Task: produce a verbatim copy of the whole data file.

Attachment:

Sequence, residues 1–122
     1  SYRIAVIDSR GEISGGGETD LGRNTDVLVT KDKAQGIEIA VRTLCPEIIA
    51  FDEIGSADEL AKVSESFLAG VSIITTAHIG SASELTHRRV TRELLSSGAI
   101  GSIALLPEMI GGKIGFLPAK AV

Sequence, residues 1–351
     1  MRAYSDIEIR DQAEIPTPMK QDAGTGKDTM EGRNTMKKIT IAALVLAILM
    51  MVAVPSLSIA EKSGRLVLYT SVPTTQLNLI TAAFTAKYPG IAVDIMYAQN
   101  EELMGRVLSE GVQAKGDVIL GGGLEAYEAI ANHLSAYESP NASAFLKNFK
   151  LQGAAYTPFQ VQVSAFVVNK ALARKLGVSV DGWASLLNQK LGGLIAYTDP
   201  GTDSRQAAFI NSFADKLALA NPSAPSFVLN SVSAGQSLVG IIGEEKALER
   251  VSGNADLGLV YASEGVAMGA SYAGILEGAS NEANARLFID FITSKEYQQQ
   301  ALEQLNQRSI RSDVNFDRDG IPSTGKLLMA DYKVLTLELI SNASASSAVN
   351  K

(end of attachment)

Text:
Sequence, residues 1–122
     1  SYRIAVIDSR GEISGGGETD LGRNTDVLVT KDKAQGIEIA VRTLCPEIIA
    51  FDEIGSADEL AKVSESFLAG VSIITTAHIG SASELTHRRV TRELLSSGAI
   101  GSIALLPEMI GGKIGFLPAK AV

Sequence, residues 1–351
     1  MRAYSDIEIR DQAEIPTPMK QDAGTGKDTM EGRNTMKKIT IAALVLAILM
    51  MVAVPSLSIA EKSGRLVLYT SVPTTQLNLI TAAFTAKYPG IAVDIMYAQN
   101  EELMGRVLSE GVQAKGDVIL GGGLEAYEAI ANHLSAYESP NASAFLKNFK
   151  LQGAAYTPFQ VQVSAFVVNK ALARKLGVSV DGWASLLNQK LGGLIAYTDP
   201  GTDSRQAAFI NSFADKLALA NPSAPSFVLN SVSAGQSLVG IIGEEKALER
   251  VSGNADLGLV YASEGVAMGA SYAGILEGAS NEANARLFID FITSKEYQQQ
   301  ALEQLNQRSI RSDVNFDRDG IPSTGKLLMA DYKVLTLELI SNASASSAVN
   351  K